What we see, then, are approaches to picturemaking that continue to characterize Puranen’s approach to picture-making. But the early work also testifies to his interest in aesthetic modes and, more particularly, effects of natural light. One image in Alpha & Omega is particularly striking as a formal landscape of the type that he later reflected upon in his 2005 series Icy Prospects. Here, the composition is in accordance with the classic landscape pictorial, with the tree in the foreground counterbalanced by that towards the right of the picture in the middle distance; the land falls away towards the horizon. Tonally muted grays dominate; it has more in common with painterly subtleties than with the rhetorical tonal emphasis of much Modernist photography, for example, Bill Brandt’s photographs of the English landscape. The trees are sacred trees—significant in Finnish mythology—and the landscape is carefully contoured, except that, on closer inspection, we spot performers up the trees, spirits of their ancestors perhaps? Mischievously, Puranen sets up the classic landscape only to undermine it. Likewise, his portrait of Sinikka Semenoja prefaces his interest in portraiture and the movement of light that he explored later in Shadows, Reflections and All that Sort of Thing (1990–2010). It also points to ways in which Nordic lakes and woodlands lend themselves to idealization as landscape. Here the tension is between the implied critique of the ethnographic imagery, the stillness of the portraitee, the movement implied through the shadows on the sheet, the calm reinforced through the formal harmony of the landscape as pictured in the right hand part of the composition, and our curiosity as we wonder at the presence and intentions of the child standing on a large stone in the lake. The image delights and disturbs, as it is simultaneously harmonious yet uncomfortable, reminding us of questionable ethnographic practices. Taken alone, the picture stands as a double portrait of people and place. Taken as part of a critical series, the beauty of the imagery seems fragile; once again, deceptive harmony.

Puranen thus became interested in photography as a tool within the construction of social histories, colonization and appropriation, and in language and ideology as integral discourses. His concerns echo Foucauldian currencies of the time, especially in his emphasis not only on the exercise of power historically but also on the legitimating role of language, visual and verbal. This was foregrounded in Language is a Foreign Country (1998–2001), in which Sámi and Greenlandic words are flown on flags staked in icy landscapes, and in Curiosus Naturae Spectator (1995–98). In this series he integrates Latin phrases and medieval script, printed onto silk sheets, within Nordic landscapes. The phrases, taken from maps, are playful in that, although they can be rendered in more precise translation, at first glance there is ambiguity. Is nature innately curious? Is the spectator curious about nature? Is it processes of observation of the natural that are curious? The series refers to the Renaissance, an era of philosophic debate encompassing astronomy and cartography wherein the natural world was idealized but also interrogated. Latin had become the language of logic and classification, yet was able to encompass poetics as well as rationalism. In Speculum Orbus Terrae white lettering on a black sheet is set on white snow, with gray snow water in the middle distance and ominous clouds. The title suggests an explorer’s desire to view and investigate the whole of the earth. In Systema Naturae a man-made dam dominates the center of the picture, enticing the eye towards the vanishing point. What we see is a human marshaling of natural resources. The clouds above were manipulated by the photographer to connote the romantic landscape, thereby enhancing tension between the idealization of nature and the actuality of human intervention. As Nikos Papastergiadis comments, study of distant lands and peoples was often presented in terms of theatrical rhetoric; the audience engages with the exotic as form of make-believe. The silk sheets remind us of pages and curtains; for him, this points to the distinction between language and landscape, which is emphasized through the performative gesture of inserting the sheet within the landscape. As he comments, “Puranen has entered the landscape, to set the scene, to reconfigure the role of the stage in our imaginary landscapes. He returns to the position of the man behind the camera but his presence remains in the frame.”viii But it is more than the directorial presence of the photographer that is made manifest within the picture; the intervention and the precision of the phrases points to the symbolic import of naming as a mode of claiming spaces as particular types of place with specific histories that may be contentious.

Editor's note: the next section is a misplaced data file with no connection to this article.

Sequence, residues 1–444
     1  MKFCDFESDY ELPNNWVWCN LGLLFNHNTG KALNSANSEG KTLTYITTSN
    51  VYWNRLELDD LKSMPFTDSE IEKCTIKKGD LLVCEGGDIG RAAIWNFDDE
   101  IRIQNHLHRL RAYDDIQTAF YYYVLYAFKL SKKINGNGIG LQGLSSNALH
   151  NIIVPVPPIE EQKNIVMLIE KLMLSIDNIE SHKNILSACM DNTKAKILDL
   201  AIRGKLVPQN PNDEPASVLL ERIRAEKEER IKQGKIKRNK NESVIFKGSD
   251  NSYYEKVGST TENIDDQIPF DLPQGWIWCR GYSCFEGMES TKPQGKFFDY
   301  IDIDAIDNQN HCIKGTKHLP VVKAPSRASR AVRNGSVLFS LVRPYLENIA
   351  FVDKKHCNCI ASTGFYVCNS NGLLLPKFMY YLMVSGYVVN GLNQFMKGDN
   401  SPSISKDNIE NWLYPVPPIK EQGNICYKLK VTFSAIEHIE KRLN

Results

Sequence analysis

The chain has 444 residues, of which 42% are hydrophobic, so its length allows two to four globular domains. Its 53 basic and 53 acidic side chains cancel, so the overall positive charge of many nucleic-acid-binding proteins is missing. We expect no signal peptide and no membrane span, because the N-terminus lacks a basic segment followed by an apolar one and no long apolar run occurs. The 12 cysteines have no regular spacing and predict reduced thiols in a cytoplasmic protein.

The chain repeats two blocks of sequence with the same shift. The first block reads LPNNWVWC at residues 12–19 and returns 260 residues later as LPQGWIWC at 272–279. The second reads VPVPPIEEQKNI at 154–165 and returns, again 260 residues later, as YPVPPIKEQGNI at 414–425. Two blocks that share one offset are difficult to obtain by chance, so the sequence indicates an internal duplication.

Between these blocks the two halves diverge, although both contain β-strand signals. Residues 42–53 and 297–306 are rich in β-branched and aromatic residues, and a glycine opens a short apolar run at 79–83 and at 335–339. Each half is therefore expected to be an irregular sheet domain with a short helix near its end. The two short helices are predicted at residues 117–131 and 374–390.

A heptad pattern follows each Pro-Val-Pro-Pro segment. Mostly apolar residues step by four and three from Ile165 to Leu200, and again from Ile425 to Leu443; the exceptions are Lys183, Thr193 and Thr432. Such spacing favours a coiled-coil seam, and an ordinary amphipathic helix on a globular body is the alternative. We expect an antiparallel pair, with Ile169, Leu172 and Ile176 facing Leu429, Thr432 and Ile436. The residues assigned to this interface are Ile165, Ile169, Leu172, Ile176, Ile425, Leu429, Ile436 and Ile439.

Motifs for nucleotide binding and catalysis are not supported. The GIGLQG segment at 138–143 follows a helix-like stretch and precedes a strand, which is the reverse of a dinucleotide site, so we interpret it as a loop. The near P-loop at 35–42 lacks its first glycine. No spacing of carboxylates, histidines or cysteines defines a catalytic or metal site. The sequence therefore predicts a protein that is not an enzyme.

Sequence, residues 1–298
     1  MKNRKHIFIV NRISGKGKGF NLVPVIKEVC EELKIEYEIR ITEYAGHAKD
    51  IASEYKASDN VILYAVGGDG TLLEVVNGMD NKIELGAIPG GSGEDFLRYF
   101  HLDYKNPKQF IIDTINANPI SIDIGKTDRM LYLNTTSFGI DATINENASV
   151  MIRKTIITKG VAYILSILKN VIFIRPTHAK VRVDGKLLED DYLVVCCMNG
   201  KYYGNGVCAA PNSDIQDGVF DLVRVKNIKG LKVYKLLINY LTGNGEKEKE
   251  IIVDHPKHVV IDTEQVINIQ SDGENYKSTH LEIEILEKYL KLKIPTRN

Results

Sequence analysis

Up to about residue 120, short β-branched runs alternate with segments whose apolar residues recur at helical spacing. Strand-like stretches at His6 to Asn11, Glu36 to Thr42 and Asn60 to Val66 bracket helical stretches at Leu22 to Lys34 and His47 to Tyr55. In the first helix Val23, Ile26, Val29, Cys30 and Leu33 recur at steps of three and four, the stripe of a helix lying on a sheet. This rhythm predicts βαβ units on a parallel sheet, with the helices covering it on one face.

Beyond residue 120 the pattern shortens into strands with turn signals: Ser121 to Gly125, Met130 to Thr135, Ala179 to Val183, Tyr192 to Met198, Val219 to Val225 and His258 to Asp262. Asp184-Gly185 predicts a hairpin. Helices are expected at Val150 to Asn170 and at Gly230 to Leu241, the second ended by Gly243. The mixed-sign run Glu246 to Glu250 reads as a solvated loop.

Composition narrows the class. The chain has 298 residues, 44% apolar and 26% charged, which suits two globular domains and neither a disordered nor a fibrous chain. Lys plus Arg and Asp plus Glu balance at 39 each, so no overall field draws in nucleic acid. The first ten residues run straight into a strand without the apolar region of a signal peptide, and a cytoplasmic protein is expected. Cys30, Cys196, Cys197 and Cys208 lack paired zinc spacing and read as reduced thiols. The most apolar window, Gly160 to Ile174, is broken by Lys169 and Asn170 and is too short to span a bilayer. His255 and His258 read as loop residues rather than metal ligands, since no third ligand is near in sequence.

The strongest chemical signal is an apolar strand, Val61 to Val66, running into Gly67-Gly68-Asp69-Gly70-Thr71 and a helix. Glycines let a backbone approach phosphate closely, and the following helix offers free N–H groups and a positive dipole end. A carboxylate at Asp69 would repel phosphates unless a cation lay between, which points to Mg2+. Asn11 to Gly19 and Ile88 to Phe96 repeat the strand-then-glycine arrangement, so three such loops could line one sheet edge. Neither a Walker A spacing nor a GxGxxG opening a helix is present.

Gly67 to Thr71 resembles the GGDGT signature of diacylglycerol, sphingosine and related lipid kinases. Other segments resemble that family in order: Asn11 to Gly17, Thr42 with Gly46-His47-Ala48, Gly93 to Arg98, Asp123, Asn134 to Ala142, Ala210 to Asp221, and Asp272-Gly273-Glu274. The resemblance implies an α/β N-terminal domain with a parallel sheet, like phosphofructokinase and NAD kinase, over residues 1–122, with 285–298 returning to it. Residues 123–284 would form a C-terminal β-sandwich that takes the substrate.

This is directly addressed in Language is a Foreign Country, which is concerned with words and meaning, and with ways in which specific language systems reflect particular cultural concerns and consciousness. Space, place, and identity are interrelated; armies plant flags to signify occupation, and the renaming of places is an established imperialist tactic. Flags are symbolic markers, statements of allegiance that welcome allies, claim territorial rights, warn off trespassers, as well as signifiers of celebration of mourning (flags flown at half-mast). The flags, carrying words in differing languages, remind us of competing claims and varying understandings of, for instance, Nordic shorelines and associated weather conditions. Several examples are of words denoting different qualities of wind; a high degree of detail—such as wind force (breeze, gale), direction, and movement (steady, gusty)—is essential for survival in Greenland or Lapland whether at sea or on shore. We are reminded that language is not simply a matter of translation of words; rather, language systems integrally reflect ideological discourses that are simultaneously philosophic and related to everyday circumstances. In the Sámi language there are a whole range of words describing the differing qualities of snow: old snow, new snow, hard snow with soft snow underneath, melting snow, and so on. This is in contrast with English, for example, within which there are about three words: snow, slush, and ice. In Lapland precision is necessary for survival. Hence, language is a foreign country.